This is club racing we're talking about right, you know the kind that's supposed to be fun where winning isn't that important as long as you feel you've had a fair race? If one particular boat, or make of boat, always seems to clean up because they just happen to have a particularly favourable rating then everyone else either needs to accept they're racing for the placings....or go out and change their boat. I don't see the fun in that. We regularly have pursuit races, you know the ones where we chase each other around the course and whoever is in front at the end of two hours wins, and they involve a considerable spread of boat performance (I start an hour and ten minutes after the first boat) yet we often get finishes with boats literally yards apart. That for me is fun and all credit to the race officer for arranging it that way. If someone new arrives on the scene they get a guesstimated start time and then it gets tweaked depending on their results, i.e. if they win a lot their start time is put back, the opposite if they are always at the back. How can you possibly argue with that?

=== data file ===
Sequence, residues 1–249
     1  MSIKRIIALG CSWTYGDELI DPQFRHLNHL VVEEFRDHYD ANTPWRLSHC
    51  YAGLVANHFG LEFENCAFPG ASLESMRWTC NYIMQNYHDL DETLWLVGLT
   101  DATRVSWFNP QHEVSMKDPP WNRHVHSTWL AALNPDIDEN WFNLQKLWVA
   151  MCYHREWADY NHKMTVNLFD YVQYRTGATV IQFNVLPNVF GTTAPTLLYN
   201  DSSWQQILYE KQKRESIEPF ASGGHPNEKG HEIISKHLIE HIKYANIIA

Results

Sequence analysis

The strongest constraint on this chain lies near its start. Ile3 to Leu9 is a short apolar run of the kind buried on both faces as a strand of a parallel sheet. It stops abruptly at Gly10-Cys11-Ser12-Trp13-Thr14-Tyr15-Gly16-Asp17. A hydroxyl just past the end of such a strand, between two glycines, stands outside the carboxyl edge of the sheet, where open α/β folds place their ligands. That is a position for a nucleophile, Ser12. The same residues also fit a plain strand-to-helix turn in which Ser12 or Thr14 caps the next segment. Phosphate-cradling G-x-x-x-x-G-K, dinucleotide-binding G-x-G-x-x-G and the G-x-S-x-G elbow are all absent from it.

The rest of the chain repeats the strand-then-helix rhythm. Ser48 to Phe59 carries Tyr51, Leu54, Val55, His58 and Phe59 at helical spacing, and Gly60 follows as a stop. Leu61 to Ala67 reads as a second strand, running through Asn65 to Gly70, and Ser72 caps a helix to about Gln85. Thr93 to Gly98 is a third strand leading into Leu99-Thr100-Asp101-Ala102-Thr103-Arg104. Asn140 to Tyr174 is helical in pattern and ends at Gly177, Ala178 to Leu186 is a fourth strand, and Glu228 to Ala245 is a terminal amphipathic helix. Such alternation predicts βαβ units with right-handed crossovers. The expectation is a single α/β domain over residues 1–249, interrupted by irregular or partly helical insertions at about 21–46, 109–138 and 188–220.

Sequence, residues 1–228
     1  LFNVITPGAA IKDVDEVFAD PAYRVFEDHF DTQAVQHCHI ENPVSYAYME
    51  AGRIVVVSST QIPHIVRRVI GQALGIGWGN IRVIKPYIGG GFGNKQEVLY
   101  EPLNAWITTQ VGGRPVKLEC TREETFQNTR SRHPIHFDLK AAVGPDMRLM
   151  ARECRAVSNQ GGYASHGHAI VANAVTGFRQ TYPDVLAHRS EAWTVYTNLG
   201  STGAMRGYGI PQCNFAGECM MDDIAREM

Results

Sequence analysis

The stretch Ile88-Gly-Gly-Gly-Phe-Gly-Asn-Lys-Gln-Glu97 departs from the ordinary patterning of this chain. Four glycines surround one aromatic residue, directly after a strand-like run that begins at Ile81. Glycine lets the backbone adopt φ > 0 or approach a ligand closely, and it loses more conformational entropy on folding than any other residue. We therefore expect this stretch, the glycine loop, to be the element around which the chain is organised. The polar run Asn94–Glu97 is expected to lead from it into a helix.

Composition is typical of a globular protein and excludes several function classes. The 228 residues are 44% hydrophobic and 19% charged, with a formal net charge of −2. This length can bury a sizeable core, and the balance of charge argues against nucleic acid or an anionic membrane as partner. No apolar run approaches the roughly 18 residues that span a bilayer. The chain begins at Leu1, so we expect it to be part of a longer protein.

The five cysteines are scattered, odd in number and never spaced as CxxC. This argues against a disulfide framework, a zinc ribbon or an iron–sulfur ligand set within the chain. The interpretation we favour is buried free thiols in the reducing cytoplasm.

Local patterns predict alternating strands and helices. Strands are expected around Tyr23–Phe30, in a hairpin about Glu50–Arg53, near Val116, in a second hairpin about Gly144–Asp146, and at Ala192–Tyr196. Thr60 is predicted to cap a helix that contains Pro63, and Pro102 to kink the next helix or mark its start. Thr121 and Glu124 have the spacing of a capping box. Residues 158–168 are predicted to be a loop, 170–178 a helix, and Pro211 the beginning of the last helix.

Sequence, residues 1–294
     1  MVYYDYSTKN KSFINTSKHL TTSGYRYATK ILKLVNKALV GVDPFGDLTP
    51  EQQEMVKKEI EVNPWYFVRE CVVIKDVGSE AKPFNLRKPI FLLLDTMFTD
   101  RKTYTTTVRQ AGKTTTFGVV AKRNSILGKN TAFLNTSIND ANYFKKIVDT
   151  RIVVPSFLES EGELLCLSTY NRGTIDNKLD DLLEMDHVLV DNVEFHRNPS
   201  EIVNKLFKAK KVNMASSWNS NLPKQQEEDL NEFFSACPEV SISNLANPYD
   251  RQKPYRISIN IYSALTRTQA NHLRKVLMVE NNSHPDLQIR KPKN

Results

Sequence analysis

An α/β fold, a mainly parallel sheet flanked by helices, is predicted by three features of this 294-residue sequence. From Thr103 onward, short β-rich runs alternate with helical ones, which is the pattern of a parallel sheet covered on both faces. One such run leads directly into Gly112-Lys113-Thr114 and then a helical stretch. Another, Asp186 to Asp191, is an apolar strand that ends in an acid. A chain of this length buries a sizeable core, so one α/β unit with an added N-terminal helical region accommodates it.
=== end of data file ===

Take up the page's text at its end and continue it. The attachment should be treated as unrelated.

7. #27
    Join Date
    May 2007
    Posts
    27,039

    Default Re: Handicap systems

    The only sane way to race under NHC is to realise the ratings are a complete joke and just enjoy the race on the water.
    We have our own goals and metrics for whether we've done well.
    If I ever get serious about short course leadmine racing again, I'll buy a one-design, probably something like a 3 man open keelboat.